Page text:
By Andrew Stone
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An inspector galls

This article is over 14 years, 2 months old
Ofsted, the schools inspectorate, has never been at the top of teachers' Christmas card lists.
Issue 342

But its popularity is reaching new depths with the introduction of a harsher inspection framework.

The new criteria use the blunt instrument of exam data to critique schools’ performance. While this has been true to some extent since Ofsted’s Tory-induced inception, it has always in the past been tempered by an awareness of the great challenges facing working class schools. But now the “value-added” progress enabled by teaching and support staff working in the most difficult conditions has been deemed irrelevant.

Eighteen of the 25 Ofsted categories assess raw attainment data, so state schools which serve working class communities face being put in punitive “special measures” because they are deemed to be “inadequate”. Even if they avoid this, there appears to be a “glass ceiling” in which most non-selective schools cannot hope to be more than “satisfactory”. The amount of schools given this grade after two months of the new criteria has doubled to 67 percent.

Children’s secretary Ed Balls prefers to blame the “excuses culture” rather than provide the kind of support that might enable New Labour’s much-trumpeted (but never witnessed) “equality of opportunity”. In January he argued, “Don’t tell me that poverty means low performance… In the end, if there are excuses, we have the power to say that’s totally unacceptable.”

Perhaps he considers it irrelevant when children can’t afford a change of uniform, let alone the private tuition enjoyed by wealthy students, but those of us working at the sharp end don’t. We work long hours and weekends to give the best possible chances for students facing abuse, neglect, deportation and a range of other challenges associated with poverty – such as parents suffering from long-term unemployment or anti-social shift work.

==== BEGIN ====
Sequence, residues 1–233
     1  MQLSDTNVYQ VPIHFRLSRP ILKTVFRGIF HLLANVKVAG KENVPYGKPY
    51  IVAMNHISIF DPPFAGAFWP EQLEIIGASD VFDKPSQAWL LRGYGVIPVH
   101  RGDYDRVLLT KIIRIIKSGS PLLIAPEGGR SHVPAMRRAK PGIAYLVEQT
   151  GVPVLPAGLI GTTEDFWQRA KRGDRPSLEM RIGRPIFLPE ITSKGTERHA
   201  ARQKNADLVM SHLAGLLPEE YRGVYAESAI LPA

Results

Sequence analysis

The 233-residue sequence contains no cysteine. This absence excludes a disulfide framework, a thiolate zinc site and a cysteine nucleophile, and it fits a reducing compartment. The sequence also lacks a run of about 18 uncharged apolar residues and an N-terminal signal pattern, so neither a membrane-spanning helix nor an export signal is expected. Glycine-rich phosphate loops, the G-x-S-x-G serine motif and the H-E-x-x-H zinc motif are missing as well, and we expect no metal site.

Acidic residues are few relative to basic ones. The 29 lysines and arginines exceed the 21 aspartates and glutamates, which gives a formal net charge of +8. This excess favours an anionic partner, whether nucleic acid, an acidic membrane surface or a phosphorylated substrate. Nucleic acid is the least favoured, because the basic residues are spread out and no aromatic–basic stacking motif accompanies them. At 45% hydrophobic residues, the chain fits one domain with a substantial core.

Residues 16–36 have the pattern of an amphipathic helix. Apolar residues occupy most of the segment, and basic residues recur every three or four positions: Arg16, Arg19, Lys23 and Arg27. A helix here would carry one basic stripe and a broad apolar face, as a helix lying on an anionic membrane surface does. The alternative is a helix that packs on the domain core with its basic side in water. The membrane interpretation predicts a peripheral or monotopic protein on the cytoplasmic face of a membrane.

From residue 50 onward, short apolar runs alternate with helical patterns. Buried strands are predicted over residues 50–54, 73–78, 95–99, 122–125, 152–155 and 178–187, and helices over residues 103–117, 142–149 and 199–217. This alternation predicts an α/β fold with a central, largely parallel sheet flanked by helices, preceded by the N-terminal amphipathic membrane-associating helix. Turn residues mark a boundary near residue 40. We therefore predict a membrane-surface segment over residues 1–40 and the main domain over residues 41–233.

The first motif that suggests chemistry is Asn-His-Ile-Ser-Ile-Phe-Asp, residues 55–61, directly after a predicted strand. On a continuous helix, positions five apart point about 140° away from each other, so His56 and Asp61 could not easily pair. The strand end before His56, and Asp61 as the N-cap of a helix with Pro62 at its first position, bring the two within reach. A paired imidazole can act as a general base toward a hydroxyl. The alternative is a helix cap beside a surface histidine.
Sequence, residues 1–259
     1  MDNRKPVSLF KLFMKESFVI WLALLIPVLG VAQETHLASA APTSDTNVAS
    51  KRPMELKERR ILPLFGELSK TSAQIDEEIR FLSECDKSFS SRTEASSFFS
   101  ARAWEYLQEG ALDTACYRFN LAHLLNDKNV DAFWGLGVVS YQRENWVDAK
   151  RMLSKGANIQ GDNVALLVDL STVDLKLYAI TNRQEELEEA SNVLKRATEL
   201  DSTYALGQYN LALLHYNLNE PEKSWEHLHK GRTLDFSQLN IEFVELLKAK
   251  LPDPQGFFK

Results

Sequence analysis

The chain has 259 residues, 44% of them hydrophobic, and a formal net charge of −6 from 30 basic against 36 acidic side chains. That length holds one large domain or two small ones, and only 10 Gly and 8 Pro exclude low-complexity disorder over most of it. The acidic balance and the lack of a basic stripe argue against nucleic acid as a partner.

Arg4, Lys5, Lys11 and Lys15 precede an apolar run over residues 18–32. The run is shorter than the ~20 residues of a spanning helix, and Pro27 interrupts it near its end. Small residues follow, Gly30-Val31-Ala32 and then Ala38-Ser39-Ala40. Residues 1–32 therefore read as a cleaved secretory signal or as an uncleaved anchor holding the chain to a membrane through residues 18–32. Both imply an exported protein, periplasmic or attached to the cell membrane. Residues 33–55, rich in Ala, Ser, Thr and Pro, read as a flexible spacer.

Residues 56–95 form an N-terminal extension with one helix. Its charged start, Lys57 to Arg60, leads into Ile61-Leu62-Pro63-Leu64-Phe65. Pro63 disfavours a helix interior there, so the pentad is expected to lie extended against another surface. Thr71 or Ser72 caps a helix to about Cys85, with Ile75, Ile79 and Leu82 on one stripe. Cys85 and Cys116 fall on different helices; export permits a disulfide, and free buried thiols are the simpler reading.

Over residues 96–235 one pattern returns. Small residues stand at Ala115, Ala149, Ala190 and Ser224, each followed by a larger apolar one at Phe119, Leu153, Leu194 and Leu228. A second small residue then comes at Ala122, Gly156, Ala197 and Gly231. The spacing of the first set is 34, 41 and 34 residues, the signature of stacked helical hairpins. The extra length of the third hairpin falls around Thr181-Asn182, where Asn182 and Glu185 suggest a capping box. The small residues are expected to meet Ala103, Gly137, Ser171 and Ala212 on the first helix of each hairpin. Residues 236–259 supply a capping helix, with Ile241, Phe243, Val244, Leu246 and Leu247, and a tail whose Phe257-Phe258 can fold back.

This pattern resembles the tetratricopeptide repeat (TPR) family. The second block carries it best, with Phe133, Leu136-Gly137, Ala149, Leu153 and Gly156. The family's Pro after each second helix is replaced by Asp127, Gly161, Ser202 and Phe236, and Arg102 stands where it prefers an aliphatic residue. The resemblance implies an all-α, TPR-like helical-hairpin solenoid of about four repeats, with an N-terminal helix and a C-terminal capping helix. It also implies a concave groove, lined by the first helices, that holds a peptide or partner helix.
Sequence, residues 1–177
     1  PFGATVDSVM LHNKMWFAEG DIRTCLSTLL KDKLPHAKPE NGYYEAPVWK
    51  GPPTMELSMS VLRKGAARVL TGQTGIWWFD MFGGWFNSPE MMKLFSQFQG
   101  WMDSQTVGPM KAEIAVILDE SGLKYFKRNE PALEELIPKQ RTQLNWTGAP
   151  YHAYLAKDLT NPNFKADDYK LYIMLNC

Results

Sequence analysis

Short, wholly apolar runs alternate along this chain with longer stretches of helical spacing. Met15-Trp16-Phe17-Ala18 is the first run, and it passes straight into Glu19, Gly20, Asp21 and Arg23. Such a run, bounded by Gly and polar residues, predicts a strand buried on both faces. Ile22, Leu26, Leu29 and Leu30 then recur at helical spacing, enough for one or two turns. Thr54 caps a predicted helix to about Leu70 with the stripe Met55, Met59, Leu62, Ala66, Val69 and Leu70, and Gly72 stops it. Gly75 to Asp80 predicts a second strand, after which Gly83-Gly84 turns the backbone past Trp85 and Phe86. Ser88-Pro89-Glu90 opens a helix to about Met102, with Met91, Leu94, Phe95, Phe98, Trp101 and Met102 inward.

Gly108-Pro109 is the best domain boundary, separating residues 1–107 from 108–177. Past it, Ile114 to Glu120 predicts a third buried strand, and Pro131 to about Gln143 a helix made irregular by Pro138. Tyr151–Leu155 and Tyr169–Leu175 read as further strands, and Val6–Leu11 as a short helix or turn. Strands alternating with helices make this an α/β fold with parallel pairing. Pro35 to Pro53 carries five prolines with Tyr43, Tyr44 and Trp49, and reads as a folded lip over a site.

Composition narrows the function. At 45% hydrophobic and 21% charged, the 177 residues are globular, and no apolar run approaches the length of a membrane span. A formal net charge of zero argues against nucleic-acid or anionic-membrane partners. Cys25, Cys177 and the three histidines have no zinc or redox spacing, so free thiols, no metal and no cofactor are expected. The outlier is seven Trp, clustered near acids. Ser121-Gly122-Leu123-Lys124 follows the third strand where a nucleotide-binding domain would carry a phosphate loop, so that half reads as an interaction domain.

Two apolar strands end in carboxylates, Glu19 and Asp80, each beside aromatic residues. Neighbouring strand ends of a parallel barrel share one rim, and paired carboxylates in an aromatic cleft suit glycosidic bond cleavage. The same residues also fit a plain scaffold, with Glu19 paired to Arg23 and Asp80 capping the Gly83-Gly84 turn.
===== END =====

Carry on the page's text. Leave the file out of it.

Where some effort has been made to close the disparity of resources between state and private schools, progress has been made.

Child Poverty Action found that nine out of ten of the best results for poor students came in London boroughs, which it attributed to the £40 million extra funding available through London Challenge. To put this support in context, it is only 0.1 percent of the most recent £40 billion bank bailout.

But there is a wider problem of accepting the priorities of a discredited league table system. Every teacher experiences how it distorts provision – how particular students are hot-housed or corralled away from subjects to massage results.

The general secretary of the National Association of Head Teachers (NAHT) says that the new Ofsted framework “is clearly DCSF [Department for Children, Schools and Families] policy”. But why would the government want to make more schools likely to fail? Partly to show its credentials to the right wing press as “tough on standards” and also to ensure that Ofsted reports don’t contradict its punitive benchmarks.

The DCSF’s National Challenge “named and shamed” 638 secondary schools in which less than 30 percent of students achieved five “good” GCSEs including English and Maths. But analysis by the National Union of Teachers revealed that Ofsted judged 147 of these schools as “good” and 16 as “outstanding”.

So schools where progress is “satisfactory” will be considered unsatisfactory and put in special measures if raw exam scores are “low”. And “low” will be defined as “significantly below” the national average results. So if national average results improve faster than a particular school then it could be damned despite making an absolute improvement.

The DCSF and Ofsted are inadequate and are failing students. If the NUT and NAHT succeed in ridding us of the bane of primary school SATs tests it will put us in a stronger position to mount our own “national challenge” against the whole Ofsted regime.


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